Other great ideas for drama integration into science curriculum is using drama to tell stories about scientific relationships and changes such as photosynthesis, how atoms behave, the water cycle, the food chain and more.  You can use drama as an assessment option for students to demonstrate concepts and show understanding through skits, tableaus or pantomimes. Not only will your students thank you, but think of all those quizzes and tests you can watch instead of lug home and grade!

Some resources and lesson plans: Photosynthesis, Organic Chemistry, and the Periodic Table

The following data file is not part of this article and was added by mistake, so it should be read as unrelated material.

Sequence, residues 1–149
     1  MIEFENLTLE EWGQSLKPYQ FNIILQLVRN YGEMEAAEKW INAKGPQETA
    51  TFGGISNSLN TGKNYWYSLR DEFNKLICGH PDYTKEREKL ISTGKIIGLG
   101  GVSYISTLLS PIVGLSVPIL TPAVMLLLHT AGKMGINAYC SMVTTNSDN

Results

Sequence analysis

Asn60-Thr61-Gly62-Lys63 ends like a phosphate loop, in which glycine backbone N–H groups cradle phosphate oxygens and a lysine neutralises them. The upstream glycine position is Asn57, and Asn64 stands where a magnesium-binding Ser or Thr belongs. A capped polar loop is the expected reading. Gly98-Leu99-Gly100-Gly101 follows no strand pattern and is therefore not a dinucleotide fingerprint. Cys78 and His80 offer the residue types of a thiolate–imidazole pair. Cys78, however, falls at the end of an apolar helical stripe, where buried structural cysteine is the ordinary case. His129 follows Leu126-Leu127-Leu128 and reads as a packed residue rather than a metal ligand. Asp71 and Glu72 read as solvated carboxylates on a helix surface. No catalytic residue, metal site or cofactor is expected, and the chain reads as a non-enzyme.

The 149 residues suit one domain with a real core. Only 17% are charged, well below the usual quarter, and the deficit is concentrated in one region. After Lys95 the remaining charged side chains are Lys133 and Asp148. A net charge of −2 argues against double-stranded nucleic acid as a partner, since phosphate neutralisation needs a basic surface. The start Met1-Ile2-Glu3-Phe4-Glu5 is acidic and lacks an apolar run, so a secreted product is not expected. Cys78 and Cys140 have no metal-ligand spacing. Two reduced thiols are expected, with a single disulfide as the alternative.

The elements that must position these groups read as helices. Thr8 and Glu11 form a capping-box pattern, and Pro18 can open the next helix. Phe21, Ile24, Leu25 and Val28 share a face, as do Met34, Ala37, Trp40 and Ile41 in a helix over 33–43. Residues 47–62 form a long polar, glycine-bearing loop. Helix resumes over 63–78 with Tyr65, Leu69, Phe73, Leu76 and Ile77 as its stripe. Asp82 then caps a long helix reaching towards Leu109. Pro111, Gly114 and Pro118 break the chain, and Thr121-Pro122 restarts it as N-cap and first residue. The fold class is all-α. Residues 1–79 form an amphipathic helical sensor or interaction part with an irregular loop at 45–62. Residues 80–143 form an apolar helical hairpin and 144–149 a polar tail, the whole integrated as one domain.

What ideas do you have for Arts Integration in STEM subjects? I’d love to hear from you!

PBL and the use of Auto-Tune in popular music

One of the key tenets of Project Based Learning is “authenticity.” Authenticity is described by John Larmer of the Buck Institute as a sliding scale “which goes from ‘Not Authentic’ to ‘Somewhat Authentic’ to ‘Fully Authentic.’” Finding authentic project topics in the realm of music for 7th grade students may seem challenging, but is actually easier than you might think. It’s something I have have been striving to improve in my own Project Based Learning implementation. In past years, I developed a unit around the use of auto-tune in popular music and students have responded positively. After all, it’s a new technology that almost every recording artist is using and it is affecting the landscape of popular music in myriad ways. As I am learning more about Project Based Learning (PBL) myself, I decided to give this year’s unit an slight update and format it accordingly.